# how to solve simultaneous equations?

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bsd on 6 Sep 2011
Commented: Sam Chak on 30 Apr 2024
I need to solve two simultaneous linear equations. How could I do this in matlab? Looking forward to hearing from you soon.
Thanking you, BSD
MUYIDEEN MOMOH on 24 Mar 2019
Question
3x+2y=12
4x+6y=18
Matlab code
A=[3, 2 ; 4, 6];
B=[12; 18];
sol=linsolve(A,B)

Paulo Silva on 6 Sep 2011
Equations:
1x + 2y = 0
2x + 2y = 0
MATLAB code:
A = [1 2;2 2]
B = [0;0]
X = A\B
KELVIN on 5 Jun 2023
Mhhhh!

Ishika Shivahre on 10 Mar 2021
x1+x2=1
0.718+y2 = 1
x1*P"= 0.718*86.8
x2*P2" = y2* 86.8
Walter Roberson on 30 Apr 2024
syms x1 x2 y2 P_dprime P2_dprime
eqn1 = x1 + x2 == 1
eqn1 =
eqn2 = 0.718 + y2 == 1
eqn2 =
eqn3 = x1 * P_dprime == 0.718*86.8
eqn3 =
eqn4 = x2 * P2_dprime == y2 * 86.8
eqn4 =
sol = solve([eqn1, eqn2, eqn3, eqn4], [x1, x2, y2, P_dprime])
sol = struct with fields:
x1: (1250*P2_dprime - 30597)/(1250*P2_dprime) x2: 30597/(1250*P2_dprime) y2: 141/500 P_dprime: (77903*P2_dprime)/(1250*P2_dprime - 30597)
That is as far as you can get. You have 4 equations in 5 variables, so you cannot solve for all of them simultaneously.

Yaavendra Ramsaroop on 4 May 2021
A=[3, 2 ; 4, 6];
B=[12; 18];
sol=linsolve(A,B)

KELVIN on 5 Jun 2023
Edited: KELVIN on 5 Jun 2023
Step 1: Express your equations into an Augmented Matrix where each equation represents a row of that matrix (excluding the answers/ the value beyond "=" sign.), assign the matrix to a variable. Let say A.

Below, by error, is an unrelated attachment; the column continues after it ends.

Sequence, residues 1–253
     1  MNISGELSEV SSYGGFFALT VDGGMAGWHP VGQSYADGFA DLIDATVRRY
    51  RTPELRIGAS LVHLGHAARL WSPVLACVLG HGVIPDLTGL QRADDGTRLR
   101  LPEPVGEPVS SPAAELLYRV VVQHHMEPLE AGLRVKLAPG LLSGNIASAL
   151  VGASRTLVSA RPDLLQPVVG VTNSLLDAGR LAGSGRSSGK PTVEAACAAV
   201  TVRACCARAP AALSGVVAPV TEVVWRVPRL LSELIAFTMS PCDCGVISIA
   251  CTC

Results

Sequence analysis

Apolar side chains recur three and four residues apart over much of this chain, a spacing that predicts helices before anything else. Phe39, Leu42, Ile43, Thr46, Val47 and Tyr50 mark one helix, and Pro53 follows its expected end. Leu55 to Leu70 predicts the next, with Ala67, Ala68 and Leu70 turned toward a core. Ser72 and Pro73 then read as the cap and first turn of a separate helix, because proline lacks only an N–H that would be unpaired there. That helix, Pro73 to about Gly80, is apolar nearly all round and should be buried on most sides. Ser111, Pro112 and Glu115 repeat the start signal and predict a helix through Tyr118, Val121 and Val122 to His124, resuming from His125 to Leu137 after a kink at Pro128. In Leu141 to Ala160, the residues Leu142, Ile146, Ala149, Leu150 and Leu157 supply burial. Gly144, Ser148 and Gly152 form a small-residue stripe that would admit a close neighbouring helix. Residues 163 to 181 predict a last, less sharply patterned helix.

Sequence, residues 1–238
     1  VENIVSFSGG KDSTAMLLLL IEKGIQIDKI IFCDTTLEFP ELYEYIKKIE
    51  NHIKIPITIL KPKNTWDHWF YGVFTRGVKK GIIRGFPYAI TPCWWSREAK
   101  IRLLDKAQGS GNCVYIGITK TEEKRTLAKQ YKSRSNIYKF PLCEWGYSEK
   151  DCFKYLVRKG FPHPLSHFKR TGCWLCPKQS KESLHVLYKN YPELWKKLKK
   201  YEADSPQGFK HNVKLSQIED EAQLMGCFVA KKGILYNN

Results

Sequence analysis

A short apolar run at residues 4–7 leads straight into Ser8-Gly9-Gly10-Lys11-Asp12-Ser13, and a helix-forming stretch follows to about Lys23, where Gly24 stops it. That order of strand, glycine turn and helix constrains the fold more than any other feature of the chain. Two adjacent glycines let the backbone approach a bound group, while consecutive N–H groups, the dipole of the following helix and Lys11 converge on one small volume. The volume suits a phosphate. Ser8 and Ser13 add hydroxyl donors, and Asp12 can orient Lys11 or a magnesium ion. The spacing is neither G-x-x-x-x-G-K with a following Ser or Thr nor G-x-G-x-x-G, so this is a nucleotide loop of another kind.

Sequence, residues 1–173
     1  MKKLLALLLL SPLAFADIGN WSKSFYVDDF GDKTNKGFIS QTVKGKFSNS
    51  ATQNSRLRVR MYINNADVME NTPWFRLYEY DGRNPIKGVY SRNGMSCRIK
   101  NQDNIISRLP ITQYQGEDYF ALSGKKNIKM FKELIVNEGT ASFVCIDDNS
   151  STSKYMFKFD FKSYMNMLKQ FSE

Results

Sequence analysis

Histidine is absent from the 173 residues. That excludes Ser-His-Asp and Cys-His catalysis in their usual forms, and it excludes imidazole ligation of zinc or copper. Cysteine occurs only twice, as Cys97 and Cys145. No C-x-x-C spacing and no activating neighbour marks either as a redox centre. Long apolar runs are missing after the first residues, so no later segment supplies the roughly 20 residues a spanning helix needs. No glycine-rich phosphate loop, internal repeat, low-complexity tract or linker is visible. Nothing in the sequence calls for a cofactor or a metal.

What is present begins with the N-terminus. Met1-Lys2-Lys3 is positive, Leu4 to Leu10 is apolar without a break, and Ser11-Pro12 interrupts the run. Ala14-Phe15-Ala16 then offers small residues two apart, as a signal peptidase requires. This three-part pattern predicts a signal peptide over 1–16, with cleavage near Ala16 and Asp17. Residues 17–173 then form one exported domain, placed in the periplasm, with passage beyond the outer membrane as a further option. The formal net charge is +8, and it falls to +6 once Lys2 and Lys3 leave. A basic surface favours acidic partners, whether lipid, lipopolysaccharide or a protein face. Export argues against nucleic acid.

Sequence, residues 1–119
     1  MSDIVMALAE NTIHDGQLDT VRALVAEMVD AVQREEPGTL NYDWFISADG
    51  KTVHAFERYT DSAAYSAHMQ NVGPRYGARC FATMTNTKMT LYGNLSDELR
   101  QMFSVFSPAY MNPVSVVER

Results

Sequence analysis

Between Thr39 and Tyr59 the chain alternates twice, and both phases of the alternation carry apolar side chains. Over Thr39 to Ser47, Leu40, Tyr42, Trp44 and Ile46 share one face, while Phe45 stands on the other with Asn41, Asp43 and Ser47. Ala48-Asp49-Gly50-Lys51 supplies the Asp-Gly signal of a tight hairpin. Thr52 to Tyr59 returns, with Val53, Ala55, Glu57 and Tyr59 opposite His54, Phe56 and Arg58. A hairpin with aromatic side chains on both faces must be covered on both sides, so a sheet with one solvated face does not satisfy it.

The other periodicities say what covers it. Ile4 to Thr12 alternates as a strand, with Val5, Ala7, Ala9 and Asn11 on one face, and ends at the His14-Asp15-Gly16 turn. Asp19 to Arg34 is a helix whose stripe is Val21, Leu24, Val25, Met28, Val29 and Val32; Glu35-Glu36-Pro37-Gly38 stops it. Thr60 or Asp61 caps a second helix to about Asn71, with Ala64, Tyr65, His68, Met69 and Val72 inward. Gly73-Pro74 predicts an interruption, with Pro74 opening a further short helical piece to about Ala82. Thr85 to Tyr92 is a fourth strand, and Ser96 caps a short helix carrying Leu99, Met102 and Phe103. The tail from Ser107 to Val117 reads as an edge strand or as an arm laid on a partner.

Step 2: Form a column matrix of the answers/ values beyond the "=" sign. Assign the column matrix to another variable B.
Step 3: Compute the solution by 'linsolve()' function OR sipmly A\B=inverse(A)*B
Solution=linsolve(A,B)

SHRDRACK on 30 Apr 2024
Edited: Walter Roberson on 30 Apr 2024
A=[3, 2 ; 4, 6];
B=[12; 18];
sol=inv(A)*B
enter in comand window
Walter Roberson on 30 Apr 2024
It is not recommended that you use inv() for this purpose; it is less precise then some of the alternatives.
A=[3, 2 ; 4, 6];
B=[12; 18];
sol=A\B
sol = 2x1
3.6000 0.6000
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Sam Chak on 30 Apr 2024
Hi @SHRDRACK, In my Grade 10 Math class, my teacher taught me this method of solving a system of linear equations. It's natural to use the inv() command when searching online for how to compute the inverse of a square matrix. Interestingly, even the professor who taught my Numerical Methods course never showed me the trick of Left Matrix Division using "A\b" like @Walter Roberson did.
A = [3, 2; 4, 6];
b = [12; 18];
% step 1
detA = det(A)
detA = 10
% step 2
6.0000 -2.0000 -4.0000 3.0000
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% step 3
invA = 2x2
0.6000 -0.2000 -0.4000 0.3000
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% step 4
x = invA*b
x = 2x1
3.6000 0.6000
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